Horse Troopers Suspended at Migrant Camp in Texas

The city of Del Rio, Texas is the site of a migrant camp housing over 16,000 Haitians who have fled their country in order to escape poverty and persecution. A recent report from Human Rights Watch has called into question the safety and security of these people due to an increase in violence that they say can be attributed to increased horse patrols. These patrols will now be suspended for at least six months while the police department investigates.

The report, which was released on February 23rd, said that the mounted patrols were actively harassing Haitians. It also noted that these stressors are likely contributing to increased levels of violence in the city. The Human Rights Watch team collected anecdotes from residents who believed that local police were using horses to intimidate them and make their lives even more difficult.

The police department has countered these claims saying that they have not been targeting Haitians. However, they admit that there was a significant increase in violence in the area and an investigation is warranted to determine whether this increase can be attributed to the newly implemented patrols. For now, both mounted and unmounted officers will be patrolling simultaneously until June when the investigation results will be known.

Mounted police patrols have been implemented in Del Rio for the past six years and the city council has spent millions of dollars on these horses and officers who ride them. Generally, this is a successful method for many departments because it allows the officers to cover more area and gives them greater visibility leading to fewer crimes. However, some cities have even started to reduce or completely eliminate these patrols due to the cost of maintaining the horses.

Many jurisdictions use retired police horses that are past their prime for riding programs while others bring in new horses every year. Some departments use their own officers who train specifically for mounted patrols while others utilize volunteers from local stables.

The Haitians who are fleeing their country are landing mostly in Brazil. They have traveled on boats and rafts after the devastating earthquake that hit Haiti in 2010. Many of them are crossing through Brazil to get to Peru where they hope to stay or move on to other countries. However, the government of Brazil has recently made it more difficult for them to stay in that country.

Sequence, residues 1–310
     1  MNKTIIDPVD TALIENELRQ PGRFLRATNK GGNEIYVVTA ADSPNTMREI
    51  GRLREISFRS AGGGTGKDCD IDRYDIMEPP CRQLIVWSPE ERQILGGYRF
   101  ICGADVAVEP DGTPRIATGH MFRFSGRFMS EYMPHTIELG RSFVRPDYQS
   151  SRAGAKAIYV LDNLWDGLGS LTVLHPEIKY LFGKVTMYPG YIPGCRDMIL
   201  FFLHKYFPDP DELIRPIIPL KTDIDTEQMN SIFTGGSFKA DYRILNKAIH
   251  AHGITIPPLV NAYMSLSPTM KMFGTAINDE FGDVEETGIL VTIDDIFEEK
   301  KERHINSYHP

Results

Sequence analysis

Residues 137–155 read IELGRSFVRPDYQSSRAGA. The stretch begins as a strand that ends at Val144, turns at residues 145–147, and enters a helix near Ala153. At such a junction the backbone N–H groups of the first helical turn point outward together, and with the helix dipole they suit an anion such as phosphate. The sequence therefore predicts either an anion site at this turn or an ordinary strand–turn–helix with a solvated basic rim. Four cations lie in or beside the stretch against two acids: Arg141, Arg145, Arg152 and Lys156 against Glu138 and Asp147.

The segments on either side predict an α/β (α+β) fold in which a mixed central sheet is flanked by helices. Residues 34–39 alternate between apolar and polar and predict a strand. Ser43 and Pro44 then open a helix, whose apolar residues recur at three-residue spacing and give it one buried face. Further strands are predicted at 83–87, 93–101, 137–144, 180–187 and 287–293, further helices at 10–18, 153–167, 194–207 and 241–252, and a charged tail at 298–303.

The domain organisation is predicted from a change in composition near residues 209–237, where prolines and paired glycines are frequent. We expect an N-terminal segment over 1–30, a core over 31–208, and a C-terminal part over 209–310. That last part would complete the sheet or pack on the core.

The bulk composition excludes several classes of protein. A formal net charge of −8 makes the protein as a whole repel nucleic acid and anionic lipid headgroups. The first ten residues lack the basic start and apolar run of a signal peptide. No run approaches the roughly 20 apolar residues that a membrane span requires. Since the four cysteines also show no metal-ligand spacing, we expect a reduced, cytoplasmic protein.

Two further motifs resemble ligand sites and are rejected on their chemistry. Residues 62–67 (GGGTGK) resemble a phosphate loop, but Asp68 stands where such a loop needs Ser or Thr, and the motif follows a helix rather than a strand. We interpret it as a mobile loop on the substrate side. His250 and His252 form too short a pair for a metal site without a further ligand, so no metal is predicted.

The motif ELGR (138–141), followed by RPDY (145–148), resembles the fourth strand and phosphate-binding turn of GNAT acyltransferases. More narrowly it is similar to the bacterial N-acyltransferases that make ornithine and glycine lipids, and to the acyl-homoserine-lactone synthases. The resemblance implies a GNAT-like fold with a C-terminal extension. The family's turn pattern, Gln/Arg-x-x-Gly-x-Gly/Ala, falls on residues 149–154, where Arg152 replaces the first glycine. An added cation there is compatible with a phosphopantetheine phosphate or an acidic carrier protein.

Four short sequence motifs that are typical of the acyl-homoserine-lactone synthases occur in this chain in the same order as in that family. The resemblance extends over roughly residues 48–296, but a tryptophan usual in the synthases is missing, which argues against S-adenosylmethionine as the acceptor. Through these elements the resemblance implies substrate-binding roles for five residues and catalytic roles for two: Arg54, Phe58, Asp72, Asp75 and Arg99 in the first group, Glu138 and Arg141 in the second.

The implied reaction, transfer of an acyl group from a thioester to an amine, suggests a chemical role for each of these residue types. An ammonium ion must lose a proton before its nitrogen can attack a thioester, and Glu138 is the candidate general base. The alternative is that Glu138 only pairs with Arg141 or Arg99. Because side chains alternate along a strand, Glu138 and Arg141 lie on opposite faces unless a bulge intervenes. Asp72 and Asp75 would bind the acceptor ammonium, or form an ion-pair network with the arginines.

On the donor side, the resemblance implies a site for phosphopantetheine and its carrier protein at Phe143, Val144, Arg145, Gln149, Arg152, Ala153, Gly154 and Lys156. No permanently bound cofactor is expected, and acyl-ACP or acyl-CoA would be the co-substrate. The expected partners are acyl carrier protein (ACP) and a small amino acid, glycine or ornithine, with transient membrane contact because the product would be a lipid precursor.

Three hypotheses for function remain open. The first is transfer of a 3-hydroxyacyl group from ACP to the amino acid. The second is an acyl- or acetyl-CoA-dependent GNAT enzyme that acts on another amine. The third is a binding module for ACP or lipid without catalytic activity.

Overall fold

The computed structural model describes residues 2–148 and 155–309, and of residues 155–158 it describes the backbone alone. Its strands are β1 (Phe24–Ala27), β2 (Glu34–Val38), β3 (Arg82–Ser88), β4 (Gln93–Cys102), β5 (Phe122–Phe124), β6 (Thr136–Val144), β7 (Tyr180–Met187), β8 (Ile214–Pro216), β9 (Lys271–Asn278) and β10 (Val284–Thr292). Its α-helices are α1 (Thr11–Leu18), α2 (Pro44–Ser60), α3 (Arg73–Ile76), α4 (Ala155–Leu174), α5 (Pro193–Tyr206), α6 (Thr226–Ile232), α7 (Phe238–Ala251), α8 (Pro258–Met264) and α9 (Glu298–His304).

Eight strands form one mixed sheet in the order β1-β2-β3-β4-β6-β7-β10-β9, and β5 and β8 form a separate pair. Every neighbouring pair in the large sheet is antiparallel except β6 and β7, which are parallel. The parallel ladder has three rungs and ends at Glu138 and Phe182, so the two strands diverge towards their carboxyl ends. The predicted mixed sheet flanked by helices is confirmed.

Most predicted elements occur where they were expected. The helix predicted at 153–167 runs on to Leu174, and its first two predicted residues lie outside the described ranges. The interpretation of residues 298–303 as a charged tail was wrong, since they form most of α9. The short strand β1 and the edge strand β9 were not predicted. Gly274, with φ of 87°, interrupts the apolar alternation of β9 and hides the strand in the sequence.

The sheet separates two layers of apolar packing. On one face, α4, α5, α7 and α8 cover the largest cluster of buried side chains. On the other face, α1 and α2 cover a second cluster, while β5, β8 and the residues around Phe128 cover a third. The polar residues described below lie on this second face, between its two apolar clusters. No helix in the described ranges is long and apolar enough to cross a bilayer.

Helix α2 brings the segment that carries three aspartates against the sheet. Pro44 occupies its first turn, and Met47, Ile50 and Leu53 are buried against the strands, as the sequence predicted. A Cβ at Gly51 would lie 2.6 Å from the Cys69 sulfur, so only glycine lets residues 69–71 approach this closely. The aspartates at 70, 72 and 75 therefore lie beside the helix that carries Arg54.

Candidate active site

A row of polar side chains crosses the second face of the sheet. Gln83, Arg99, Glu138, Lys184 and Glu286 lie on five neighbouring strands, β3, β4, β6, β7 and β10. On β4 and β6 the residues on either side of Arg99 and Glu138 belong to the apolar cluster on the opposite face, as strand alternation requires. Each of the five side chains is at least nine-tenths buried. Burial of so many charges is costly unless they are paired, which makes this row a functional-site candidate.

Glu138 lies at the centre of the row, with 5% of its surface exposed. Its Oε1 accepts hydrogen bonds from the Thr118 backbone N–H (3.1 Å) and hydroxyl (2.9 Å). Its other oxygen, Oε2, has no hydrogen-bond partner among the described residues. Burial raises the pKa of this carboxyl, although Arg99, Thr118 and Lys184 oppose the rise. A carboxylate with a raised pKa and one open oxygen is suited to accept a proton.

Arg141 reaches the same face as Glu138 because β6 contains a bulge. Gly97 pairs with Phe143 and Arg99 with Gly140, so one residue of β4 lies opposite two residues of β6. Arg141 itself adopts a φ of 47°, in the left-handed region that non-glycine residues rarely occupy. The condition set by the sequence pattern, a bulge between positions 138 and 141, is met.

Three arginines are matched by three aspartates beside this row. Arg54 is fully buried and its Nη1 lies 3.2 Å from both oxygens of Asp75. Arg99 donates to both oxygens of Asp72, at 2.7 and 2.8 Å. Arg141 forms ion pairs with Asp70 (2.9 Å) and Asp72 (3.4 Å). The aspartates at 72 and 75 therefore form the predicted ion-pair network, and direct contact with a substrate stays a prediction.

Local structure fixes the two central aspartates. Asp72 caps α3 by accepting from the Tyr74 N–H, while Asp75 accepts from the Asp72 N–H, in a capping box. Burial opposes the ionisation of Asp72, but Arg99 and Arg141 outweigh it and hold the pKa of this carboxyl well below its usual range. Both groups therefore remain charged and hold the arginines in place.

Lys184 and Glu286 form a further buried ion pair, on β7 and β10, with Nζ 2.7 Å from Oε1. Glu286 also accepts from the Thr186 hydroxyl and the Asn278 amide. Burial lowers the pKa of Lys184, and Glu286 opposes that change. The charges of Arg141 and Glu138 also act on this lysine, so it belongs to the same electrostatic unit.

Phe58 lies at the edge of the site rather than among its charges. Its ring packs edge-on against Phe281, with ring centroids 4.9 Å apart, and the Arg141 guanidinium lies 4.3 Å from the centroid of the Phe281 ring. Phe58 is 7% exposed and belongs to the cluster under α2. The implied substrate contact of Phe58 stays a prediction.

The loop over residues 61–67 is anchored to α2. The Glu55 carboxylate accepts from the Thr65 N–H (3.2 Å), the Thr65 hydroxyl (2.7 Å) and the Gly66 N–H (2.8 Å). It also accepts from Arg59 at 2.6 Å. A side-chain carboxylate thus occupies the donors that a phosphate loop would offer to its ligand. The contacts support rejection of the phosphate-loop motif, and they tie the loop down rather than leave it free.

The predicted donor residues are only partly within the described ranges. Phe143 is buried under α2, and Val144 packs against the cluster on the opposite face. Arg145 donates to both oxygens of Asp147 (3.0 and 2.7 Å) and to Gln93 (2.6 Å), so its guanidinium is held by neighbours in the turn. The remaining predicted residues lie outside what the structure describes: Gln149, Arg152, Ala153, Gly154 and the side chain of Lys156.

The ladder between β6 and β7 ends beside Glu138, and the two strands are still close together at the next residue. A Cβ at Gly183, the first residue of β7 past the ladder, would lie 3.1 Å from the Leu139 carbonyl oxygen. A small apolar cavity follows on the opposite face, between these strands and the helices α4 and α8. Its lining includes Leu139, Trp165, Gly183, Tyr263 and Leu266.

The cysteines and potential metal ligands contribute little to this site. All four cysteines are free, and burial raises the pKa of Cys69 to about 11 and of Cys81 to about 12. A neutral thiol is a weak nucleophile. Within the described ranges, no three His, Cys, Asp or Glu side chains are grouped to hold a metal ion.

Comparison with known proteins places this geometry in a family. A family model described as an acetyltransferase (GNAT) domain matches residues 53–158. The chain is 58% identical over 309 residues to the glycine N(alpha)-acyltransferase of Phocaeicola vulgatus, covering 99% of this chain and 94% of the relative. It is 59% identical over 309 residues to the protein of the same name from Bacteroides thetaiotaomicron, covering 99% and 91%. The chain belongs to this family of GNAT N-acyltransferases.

The military has been sent into the south of Brazil to not only patrol the border but also oversee the services that were already being given to these immigrants. There are concerns about crime increasing as more Haitians arrive, especially since they do not have work permits and are often forced to resort to violence or theft in order to survive. Many of them have settled in just outside the city of Iguacu which is already one of the poorest regions in Brazil.

The Haitians who settle illegally in Brazil often find themselves exploited by employers, gangs and pimps that take advantage of their lack of citizenship. The police force has also been accused recently of mishandling the cases of crimes that were committed against Haitians. Even when they are able to report these crimes nothing is ever done about it due to the lack of evidence.

Even though there are no human rights violations happening at this camp, crime has become an increasing problem in Del Rio. The United Nations High Commissioner for Refugees has condemned these practices and has called for an investigation. Human rights experts have reached out to the local police department and offered their assistance in ensuring that these types of human rights violations do not continue.

Human Rights Watch stated that it is very rare for a mounted beat program to be suspended, especially if the horses are well taken care of and there is nothing indicating any